All the colors of the non-binary world

This is another one of those posts that started on Facebook, but that I wanted to preserve here. It all started when I was up in the middle of the night and replied to a stranger’s comment in Facebook land. Between now and then, the original comment was deleted, so there wasn’t a chance for a reply (at least not one that I saw). The comment was unfortunately all too common. Something along the lines of there being only two genders and it’s basic biology and there are no transgender dogs (yes, there was a specific mention of dogs…I wouldn’t say that part is typical, but it was there nonetheless).

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Immigration and redistricting (and immigration policy)

Any Twitter feud between Ted Cruz and Trevor Noah is going to get my attention. So far, there’s not much of a feud, but Cruz fired a shot, and I”m hoping Noah responds. The focus of this is on the census, and that states like New York and California will be losing congressional seats, while Texas and Florida will be gaining seats. What I’m left wondering is how much of the different population numbers are because of Trump administration immigration policies.

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The COVID-19 messaging failures keep coming

The CNN reporting on Trump administration officials and the internal arguments over the COVID-19 response has me thinking about what could have been and what should have been. I’ve been trying to avoid looking back. I think the Trump presidency was awful in many ways. And while I see the value in learning from mistakes, his presidency seems, to me, so unique that I’m cautiously optimistic that his mistakes aren’t the kind that any current or future president will make, so I’m not sure what we gain, in this case, from dwelling in the past. But when it comes to COVID-19, some of the mistakes keep getting made, and that’s really unfortunate.

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Reading between science lines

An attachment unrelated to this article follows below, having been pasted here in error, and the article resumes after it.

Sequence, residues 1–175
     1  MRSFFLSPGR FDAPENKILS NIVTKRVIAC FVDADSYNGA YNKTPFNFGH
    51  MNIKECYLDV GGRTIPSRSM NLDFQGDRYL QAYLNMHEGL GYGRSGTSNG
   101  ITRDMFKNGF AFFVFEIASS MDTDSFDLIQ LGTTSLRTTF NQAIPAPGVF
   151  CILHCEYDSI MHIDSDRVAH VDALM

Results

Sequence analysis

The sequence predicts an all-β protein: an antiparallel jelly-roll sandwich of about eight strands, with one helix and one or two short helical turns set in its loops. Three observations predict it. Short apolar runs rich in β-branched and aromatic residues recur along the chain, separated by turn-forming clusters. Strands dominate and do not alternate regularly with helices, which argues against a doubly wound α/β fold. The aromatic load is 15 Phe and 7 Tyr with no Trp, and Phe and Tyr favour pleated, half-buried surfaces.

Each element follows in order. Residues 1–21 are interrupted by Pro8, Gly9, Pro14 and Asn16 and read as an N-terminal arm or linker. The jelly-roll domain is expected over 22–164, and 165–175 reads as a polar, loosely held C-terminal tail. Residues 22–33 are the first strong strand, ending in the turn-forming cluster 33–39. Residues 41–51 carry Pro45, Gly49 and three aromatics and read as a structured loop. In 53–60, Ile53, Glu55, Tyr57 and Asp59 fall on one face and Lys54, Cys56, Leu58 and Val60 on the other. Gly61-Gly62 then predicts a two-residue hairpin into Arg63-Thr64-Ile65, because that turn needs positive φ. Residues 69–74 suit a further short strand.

There’s a large disconnect between the world of science and the world outside of science. We’ve known this for a long time, and there’s polling to support it (more details about that later), but it’s become incredibly clear in the COVID pandemic. I’ve used this blog as a way to talk about things that aren’t related to my professional life, but as my hobby of being a political junkie mixes with the world of science, it’s sometimes hard to take off that hat that I wear while I’m working. And thinking about things as a scientist and as a non-scientist makes us see things differently, and makes us talk about things differently.

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Is it all about power?

Folks in politics and who talk about politics often accuse others of just trying to gain power. I understand this notion, but I’m not sure what kind of power people are talking about most of the time. Money? Sure. I can see that. Decision-making? OK. Feeling like you’re somebody special? I can understand all of that. But it seems like, maybe for one group more than another, those goals put people on very strange sides of arguments.

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A roller coaster election day/week

It’s November 6, three days after election day and we do not have an official winner of the election. If you live in Biden world (like I do), there’s finally optimism that Biden will eventually be declared the winner, and the lead he’s just taken in Pennsylvania makes that very likely. If you live in Trump world, hundreds of thousands of votes were cast after the election and it’s just a matter of time before the Supreme Court throws them out and declares Trump the winner. I don’t have a sense of how populated that version of Trumpworld is, but it’s not empty.

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Generation of Hate Revisited